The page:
2Department of Pediatrics, University Medical Center Hamburg-Eppendorf
At ophthalmic exam, best-corrected visual acuity at 1 meter was 20/63 in the right eye and 1/40 in the left eye. The anterior eye segment examination revealed bilateral conjunctival vessel tortuositas in all four quadrants as well as a bilateral grade 1 cornea verticillata. A clear lens status and an otherwise quite anterior chamber were recorded. Fundus examination exhibited a bilateral optic disc edema with panretinal flame-shaped retinal hemorrhages, peripheral cotton wool spots and a macular edema with ring-shaped extra foveal hard exudates on the left side. (Figure 1) An Optical Coherence Tomography (OCT) examination (Heidelberg Spectral is; Heidelberg Engineering) exposed a leftsided cystoid macular edema (Figure 2) and a right-sided regular foveal impression (not shown) besides bilateral parapapillary subretinal fluid accumulation. We were not able to perform a fundus angiography due to the terminal renal failure and the necessity to perform daily hemodialysis as well as the reduced general health of the patient.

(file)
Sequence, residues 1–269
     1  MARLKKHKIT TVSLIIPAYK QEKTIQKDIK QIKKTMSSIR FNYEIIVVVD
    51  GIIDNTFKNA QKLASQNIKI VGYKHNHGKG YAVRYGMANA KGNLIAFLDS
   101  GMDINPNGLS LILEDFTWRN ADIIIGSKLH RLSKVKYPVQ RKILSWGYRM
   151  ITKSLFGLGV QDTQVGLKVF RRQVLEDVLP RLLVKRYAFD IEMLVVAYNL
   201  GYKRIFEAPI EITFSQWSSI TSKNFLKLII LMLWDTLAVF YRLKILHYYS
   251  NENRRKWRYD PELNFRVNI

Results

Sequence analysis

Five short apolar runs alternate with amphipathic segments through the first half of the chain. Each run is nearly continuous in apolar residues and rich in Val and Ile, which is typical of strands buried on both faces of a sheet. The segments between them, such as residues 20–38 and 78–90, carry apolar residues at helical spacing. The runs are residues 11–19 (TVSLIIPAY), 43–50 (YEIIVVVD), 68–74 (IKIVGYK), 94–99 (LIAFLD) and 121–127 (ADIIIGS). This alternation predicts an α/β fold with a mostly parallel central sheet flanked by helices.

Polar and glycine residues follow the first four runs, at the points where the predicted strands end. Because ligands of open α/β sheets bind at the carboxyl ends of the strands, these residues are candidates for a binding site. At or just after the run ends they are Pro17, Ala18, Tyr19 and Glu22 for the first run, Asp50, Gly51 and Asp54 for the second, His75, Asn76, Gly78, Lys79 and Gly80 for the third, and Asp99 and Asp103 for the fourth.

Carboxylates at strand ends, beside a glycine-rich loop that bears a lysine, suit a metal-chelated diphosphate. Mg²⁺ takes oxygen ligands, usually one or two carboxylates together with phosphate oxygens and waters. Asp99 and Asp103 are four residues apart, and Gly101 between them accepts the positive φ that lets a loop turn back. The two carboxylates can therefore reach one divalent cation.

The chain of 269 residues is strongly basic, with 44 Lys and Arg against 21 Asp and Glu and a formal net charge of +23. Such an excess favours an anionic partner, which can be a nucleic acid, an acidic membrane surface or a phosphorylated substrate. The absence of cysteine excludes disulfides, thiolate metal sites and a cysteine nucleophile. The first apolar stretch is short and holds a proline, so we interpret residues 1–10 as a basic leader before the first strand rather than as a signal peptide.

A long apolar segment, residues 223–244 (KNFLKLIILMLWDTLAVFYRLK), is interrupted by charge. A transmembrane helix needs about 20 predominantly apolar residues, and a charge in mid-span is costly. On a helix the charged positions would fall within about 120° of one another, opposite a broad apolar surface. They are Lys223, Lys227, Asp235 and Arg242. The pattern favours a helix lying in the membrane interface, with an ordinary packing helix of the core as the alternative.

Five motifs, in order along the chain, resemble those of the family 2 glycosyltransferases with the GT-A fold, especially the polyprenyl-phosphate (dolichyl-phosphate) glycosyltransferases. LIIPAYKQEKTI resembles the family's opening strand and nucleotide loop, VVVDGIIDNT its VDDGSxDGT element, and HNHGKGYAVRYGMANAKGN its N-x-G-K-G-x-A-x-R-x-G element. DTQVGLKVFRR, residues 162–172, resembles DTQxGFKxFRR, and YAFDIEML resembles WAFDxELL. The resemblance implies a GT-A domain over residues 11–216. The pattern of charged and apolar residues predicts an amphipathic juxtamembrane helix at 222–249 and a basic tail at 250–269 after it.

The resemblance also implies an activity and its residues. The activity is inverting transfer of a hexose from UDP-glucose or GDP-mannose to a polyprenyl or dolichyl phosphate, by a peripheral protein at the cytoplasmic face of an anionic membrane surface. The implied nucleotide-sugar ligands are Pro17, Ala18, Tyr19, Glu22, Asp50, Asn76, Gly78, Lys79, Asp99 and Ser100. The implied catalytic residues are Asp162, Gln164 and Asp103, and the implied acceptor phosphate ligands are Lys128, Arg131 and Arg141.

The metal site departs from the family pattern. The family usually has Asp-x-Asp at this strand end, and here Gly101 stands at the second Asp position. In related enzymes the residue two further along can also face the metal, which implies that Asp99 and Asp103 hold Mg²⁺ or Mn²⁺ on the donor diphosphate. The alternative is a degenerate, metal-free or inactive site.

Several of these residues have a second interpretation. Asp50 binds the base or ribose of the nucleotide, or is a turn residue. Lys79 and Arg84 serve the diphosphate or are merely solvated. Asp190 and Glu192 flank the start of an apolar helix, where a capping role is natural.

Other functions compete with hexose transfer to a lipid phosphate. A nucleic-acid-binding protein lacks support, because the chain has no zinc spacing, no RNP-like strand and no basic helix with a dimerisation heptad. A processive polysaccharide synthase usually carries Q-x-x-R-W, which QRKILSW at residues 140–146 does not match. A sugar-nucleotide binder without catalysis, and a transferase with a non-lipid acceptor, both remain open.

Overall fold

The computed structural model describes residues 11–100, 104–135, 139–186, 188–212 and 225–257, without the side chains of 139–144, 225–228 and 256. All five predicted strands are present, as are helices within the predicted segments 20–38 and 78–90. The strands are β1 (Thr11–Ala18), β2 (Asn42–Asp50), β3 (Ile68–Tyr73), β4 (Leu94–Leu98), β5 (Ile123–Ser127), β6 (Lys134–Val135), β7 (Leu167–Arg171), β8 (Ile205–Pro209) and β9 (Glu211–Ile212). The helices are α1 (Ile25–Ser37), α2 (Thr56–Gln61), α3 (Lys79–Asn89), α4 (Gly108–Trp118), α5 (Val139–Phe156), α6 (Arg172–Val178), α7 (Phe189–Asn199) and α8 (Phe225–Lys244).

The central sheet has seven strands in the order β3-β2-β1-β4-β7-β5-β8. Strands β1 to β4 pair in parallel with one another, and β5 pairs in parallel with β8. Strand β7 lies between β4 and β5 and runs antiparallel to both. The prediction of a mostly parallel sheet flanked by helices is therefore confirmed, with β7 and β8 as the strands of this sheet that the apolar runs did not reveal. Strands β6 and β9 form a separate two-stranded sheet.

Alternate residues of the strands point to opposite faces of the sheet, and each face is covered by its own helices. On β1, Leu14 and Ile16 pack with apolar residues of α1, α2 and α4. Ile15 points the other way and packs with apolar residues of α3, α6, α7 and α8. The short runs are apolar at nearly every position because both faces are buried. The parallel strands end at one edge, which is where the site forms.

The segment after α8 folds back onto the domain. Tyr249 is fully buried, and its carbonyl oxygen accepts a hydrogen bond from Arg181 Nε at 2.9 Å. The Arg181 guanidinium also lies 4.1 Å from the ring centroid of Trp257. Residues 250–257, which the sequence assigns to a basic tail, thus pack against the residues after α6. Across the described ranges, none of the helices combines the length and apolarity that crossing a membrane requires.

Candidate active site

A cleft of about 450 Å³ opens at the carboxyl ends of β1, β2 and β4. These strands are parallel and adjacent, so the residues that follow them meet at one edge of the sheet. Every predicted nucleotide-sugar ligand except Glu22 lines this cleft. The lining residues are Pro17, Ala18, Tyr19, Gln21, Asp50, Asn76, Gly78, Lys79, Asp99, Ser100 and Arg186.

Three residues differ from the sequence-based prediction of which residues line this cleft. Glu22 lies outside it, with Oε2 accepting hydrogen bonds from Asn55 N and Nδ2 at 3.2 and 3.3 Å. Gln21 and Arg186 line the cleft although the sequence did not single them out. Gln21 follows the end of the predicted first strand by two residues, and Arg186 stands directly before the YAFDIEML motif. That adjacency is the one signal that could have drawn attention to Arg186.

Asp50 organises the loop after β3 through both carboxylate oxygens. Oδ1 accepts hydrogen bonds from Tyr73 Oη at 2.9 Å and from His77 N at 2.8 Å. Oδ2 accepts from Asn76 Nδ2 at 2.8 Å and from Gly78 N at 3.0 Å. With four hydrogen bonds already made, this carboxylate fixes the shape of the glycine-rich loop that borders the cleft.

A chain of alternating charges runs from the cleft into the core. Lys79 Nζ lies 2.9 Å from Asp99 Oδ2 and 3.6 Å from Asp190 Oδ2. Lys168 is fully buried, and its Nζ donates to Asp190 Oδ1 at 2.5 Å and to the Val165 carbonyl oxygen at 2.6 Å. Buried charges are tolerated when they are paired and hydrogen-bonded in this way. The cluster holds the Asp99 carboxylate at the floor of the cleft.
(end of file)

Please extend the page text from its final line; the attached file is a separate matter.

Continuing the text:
We proposed the diagnosis of a right-sided partial and a left side complete Central Retinal Venous Occlusion (CRVO) and started a monthly intravitreal therapy regime with Bevacizumab (Avastin; Roche) in the left eye.
Ocular manifestations of Fabry disease are cornea verticillata, a whorl-like corneal pattern, cataract, as well as conjunctival and retinal vessel tortuositas. Retinal vascular tortuous it as is present in approximately 20% of patients with Fabry disease and correlates well with disease severity [2, 3]. Ocular complications have rarely been described. Single case reports on retinal arterial occlusion in one patient as well as a case of retinal venous occlusion have been published so far [4, 5].
An increased risk for systemic thromboembolic complications including an increased stroke risk have been described in Fabry disease . Nevertheless, ocular thromboembolic events are rather uncommon, but a sight-threatening complication. This case of a bilateral CRVO in young men with Fabry disease is most likely due to fabry specific retinal vascular abnormalities and highlights Fabry disease as a differential diagnosis of juvenile and presenile CRVO.
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